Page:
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Public Transportation Market Share by Airport 71 New York JFK (19% Market Share) Market Share U.S. Rank Airport Total Rail Bus/Van 2 John F. Kennedy International 19% 8% 11% Airport SOURCE: Ground Access Surveys (13) The Airport. John F. Kennedy International Airport is located about 16 miles from the center of Midtown Manhattan. The airport served about 42 MAP in 2005; of these, some 11.6 million were originating passengers. In theory, driving time between Manhattan and JFK can be as short as 25 minutes, with several hours experienced in the worst cases of congestion. Taxi fares are about $45. Connections at the Airport. JFK has long been known as a difficult airport to serve with pub- lic transportation services, as its terminal structure in highly decentralized. To deal with this geographic challenge, the Port Authority of New York and New Jersey examined a wide variety of solutions for public transportation access, including a proposed master plan that called for all pub- lic transportation facilities to be located in the center of the airport, with people mover shuttles from the central check-in terminal (only for public transportation travelers) to each of the cur- rently existing air terminals. After that plan was rejected, the Port Authority developed the AirTrain concept, which opened in 2003. According to the most recently available data, the airport ground access system serving JFK has experienced a major increase in its public transportation mode share. The overall public mode share of 19% is a major increase over the 7% reported in 1997. The automated AirTrain system operates three services over one right-of-way. One line trav- els on a counter-clockwise loop from Jamaica Station through the airport, stopping at five stations serving the nine terminals, and back to Jamaica Station. A second line travels through the counter-clockwise loop of airline terminals from Howard Beach Station and back. The sys- tem operates a continuous loop with the ability to travel in either direction within the terminal area only, which is used for intra-airport connections. The multibillion dollar project, coupled with a parallel increase in van usage, has resulted in a significant increase in public transporta- tion use since the publication of the two TCRP airport access studies. Rail. The traveler has the option of two separate rail systems for the continuing journey to Manhattan or other regional destinations. The greatest number of rail connections exists at Jamaica Station, which serves the Long Island Railroad and several subway lines. Although it varies significantly by hour of the day, the Long Island Railroad has many non-stop or one-stop trains directly to Midtown Manhattan, terminating in Penn Station. However, the strongest rid- ership is via Howard Beach Station, which is served only by the A-line, which enters Manhattan near the site of the former World Trade Center. Bus. Dedicated airport-only bus service is offered to a Midtown terminal near Grand Central Station, at which point connections are offered to major hotels and the Port Authority bus terminal. Shared-Ride Van. More than a dozen firms are operating shared-ride services from JFK, in addition to the airport bus service to Manhattan. Boston (18% Market Share) Market Share U.S. Rank Airport Total Rail Bus/Van 3 General Edward Lawrence 18% 6% 12% Logan International Airport SOURCE: Massachusetts Port Authority Surveys (14 )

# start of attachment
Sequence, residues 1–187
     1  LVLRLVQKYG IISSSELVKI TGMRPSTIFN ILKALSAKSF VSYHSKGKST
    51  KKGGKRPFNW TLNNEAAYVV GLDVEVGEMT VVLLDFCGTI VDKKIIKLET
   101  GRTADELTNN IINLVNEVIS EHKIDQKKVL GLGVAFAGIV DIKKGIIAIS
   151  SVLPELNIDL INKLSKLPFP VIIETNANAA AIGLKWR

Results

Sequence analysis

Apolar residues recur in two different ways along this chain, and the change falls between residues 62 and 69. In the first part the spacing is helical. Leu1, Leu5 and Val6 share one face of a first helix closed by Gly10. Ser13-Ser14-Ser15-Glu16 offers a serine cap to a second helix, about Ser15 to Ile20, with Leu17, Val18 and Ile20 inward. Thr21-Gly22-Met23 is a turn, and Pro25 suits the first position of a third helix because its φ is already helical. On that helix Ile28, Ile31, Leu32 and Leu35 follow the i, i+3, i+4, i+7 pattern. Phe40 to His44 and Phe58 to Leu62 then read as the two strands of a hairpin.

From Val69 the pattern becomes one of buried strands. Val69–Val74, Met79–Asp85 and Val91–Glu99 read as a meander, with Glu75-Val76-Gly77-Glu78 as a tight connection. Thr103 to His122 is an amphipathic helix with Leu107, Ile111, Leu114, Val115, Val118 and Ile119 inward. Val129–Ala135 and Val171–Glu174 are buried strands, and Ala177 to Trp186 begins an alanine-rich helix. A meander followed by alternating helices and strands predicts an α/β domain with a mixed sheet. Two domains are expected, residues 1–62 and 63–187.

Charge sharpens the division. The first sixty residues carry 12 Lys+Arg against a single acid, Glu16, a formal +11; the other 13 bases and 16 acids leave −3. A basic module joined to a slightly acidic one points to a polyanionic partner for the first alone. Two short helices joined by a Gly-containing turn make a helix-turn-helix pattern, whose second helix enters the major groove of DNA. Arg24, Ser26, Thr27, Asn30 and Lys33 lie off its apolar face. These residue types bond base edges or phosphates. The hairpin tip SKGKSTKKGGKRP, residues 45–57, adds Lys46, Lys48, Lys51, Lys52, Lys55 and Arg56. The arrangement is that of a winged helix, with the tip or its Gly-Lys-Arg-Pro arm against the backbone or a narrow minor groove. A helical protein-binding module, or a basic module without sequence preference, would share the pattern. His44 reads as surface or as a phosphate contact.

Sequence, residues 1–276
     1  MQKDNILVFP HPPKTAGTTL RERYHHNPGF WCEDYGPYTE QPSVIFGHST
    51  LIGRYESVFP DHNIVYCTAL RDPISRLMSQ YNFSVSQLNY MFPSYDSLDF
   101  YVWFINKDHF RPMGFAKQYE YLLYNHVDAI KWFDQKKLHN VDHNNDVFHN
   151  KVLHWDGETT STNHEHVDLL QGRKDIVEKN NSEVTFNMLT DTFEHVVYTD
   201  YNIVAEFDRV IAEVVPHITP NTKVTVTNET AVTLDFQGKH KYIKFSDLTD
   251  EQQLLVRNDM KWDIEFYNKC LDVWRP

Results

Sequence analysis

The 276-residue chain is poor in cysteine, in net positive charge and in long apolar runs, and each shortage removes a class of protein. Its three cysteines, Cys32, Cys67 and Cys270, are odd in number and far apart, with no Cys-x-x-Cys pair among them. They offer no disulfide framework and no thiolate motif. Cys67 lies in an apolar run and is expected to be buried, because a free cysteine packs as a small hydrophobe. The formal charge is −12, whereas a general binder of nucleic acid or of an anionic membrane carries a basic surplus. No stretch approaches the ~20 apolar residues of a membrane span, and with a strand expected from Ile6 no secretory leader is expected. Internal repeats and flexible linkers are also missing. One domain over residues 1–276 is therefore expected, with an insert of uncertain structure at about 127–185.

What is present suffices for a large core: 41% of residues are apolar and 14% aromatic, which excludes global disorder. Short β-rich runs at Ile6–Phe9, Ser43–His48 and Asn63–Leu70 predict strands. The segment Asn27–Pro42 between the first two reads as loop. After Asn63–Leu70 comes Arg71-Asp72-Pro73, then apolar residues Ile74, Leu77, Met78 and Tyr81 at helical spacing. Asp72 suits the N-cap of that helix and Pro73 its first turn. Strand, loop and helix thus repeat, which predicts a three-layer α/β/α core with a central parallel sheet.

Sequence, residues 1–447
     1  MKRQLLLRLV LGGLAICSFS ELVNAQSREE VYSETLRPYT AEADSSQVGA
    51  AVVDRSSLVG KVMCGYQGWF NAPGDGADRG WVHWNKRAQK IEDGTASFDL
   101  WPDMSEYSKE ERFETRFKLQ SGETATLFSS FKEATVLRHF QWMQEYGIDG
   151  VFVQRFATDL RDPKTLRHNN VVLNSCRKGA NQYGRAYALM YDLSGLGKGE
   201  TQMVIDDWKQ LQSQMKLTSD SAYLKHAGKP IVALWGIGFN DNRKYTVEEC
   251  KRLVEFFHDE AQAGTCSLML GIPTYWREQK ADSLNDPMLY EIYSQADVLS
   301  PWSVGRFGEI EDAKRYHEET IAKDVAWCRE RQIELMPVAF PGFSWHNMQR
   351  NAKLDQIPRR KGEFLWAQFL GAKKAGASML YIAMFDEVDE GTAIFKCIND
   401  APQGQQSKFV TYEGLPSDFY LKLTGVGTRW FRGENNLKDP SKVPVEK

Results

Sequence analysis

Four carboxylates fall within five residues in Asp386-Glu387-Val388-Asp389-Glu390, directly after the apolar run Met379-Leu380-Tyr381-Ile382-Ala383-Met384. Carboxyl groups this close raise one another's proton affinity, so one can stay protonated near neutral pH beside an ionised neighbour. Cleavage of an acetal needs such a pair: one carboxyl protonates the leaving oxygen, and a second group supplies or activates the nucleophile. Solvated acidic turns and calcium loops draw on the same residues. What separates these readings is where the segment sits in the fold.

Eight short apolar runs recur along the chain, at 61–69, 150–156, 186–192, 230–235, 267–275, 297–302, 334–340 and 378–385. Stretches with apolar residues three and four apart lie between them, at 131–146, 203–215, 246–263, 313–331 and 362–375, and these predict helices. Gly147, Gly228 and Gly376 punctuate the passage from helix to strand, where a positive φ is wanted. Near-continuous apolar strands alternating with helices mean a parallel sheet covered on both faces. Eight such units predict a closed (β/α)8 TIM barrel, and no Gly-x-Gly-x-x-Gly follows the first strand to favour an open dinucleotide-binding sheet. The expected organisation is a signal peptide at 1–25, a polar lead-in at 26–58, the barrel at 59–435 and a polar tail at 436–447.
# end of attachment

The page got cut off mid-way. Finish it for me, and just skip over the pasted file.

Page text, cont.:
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72 Ground Access to Major Airports by Public Transportation The Airport. Boston's Logan International Airport is located about 3 to 4 miles from the center of the business district, with highly dependable automobile travel times now established with the new Ted Williams Tunnel. The trip takes less than 15 minutes, depending on the traf- fic near the downtown destination. The airport served about 27 MAP in 2005; of these, some 10.4 million were originating passengers. Connections at the Airport. The airport has four major air terminal buildings, which are now connected by moving sidewalk facilities through the central parking garage structures. All buses and ground transportation services pick up and drop off at all four of the terminals. Although the recently relocated Blue Line rail station is only about 1 mile from the farthest ter- minals, an indirect ramping system makes the connecting ride longer than it was before the reconstruction of the roadway system. An additional water shuttle system serves the downtown and has traditionally captured less than 1% mode share for airline passengers. Rail. The rapid transit station at Boston's airport attracts more than 4,000 travelers daily, approximately one-third of whom are air travelers. In 2005, the airport's rapid transit station attracted 6% of airline passengers to the system operated by the MBTA. That rail ridership has declined since the inauguration of the Silver Line Bus Rapid Transit (BRT) to South Station. Bus. The tripling of market share by scheduled services is the result of many years of public agency participation, considerable operator investment, and public subsidy. Of the nearly 2 million travelers per year who use scheduled services to the airport, the majority of them use the Logan Express bus service, which offers non-stop airport connections to three regional terminals located on or beyond Route 128. Over a 25-year period, policy makers in Massachusetts have been trying--with a remarkable level of success--to decrease the use of private transportation and to increase the use of public transit modes to Logan airport. In 1970, 84% of airline passengers arrived at the airport in either a private or rented car; by 1996, that percentage had decreased to 48%. In 1970, fewer than 2% of airline passengers arrived at the airport by scheduled bus. In 1996, 12% arrived by scheduled services, and 10% was recorded in 2006. Five bus companies provide standard coach services directly to the airport, in addition to the Logan Express, which serves Braintree, Framingham, and Woburn with new services to Peabody. Bus Rapid Transit. Since the data was collected, the MBTA has inaugurated a major bus rapid transit project that has dual-propulsion vehicles capable of operating on electric power within the new downtown bus tunnel and on other sources outside of the bus tunnel. The new bus tunnel serves the rapidly developing Seaport area of the city with connections to the new Ted Williams Tunnel (Interstate 90), a stop for a major new convention center, and direct service to the South Station Transportation Center. Travelers going to South Station and the Red Line are encouraged to take the new BRT ser- vice; travelers going to Government Center, the Orange Line, or the Green Line are encouraged to take the airport bus (free) to the newly relocated Blue Line rapid transit center. Since the open- ing of the BRT service to South Station, boardings at the Blue Line station (both air travelers and others) have fallen considerably, suggesting a roughly 50-50 split between the two services. Shared-Ride Van. For some reason, shared-ride van services have not become as success- ful in Boston as they have in other airports. A major carrier went bankrupt after a series of operating problems, and no single operator dominates the market. The researchers estimate that less than 3% of the Logan ground access market chooses high-occupancy vans, as distinct